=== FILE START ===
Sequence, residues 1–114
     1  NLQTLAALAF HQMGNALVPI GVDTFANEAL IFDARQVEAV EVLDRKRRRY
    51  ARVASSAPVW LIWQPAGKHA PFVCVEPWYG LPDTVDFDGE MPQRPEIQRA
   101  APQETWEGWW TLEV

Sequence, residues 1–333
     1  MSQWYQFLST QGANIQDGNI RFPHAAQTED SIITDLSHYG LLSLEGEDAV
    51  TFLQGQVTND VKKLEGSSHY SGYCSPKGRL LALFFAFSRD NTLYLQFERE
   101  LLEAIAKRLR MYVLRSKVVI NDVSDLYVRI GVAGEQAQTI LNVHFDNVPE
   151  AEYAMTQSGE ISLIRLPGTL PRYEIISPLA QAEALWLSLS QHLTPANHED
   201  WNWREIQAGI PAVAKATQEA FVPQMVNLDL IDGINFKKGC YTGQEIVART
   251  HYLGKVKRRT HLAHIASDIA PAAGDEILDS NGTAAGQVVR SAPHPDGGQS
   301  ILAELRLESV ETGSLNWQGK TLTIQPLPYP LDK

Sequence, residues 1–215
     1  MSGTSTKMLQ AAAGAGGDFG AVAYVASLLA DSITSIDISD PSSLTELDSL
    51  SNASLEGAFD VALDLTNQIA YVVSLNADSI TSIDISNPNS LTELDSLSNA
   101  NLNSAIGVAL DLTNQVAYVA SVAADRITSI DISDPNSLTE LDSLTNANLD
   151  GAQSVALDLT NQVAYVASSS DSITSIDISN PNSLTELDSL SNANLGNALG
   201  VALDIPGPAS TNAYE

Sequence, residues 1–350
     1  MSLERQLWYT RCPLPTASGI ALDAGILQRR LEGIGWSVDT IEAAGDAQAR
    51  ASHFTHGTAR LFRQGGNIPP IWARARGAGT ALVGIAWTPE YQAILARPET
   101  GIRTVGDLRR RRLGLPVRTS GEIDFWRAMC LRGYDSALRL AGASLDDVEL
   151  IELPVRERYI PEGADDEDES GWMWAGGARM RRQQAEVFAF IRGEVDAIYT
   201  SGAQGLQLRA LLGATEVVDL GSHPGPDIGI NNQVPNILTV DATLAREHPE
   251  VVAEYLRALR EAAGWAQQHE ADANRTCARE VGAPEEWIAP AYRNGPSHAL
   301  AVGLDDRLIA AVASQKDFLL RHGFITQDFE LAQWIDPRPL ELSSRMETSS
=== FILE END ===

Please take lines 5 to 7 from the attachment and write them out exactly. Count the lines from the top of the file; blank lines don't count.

Sequence, residues 1–333
     1  MSQWYQFLST QGANIQDGNI RFPHAAQTED SIITDLSHYG LLSLEGEDAV
    51  TFLQGQVTND VKKLEGSSHY SGYCSPKGRL LALFFAFSRD NTLYLQFERE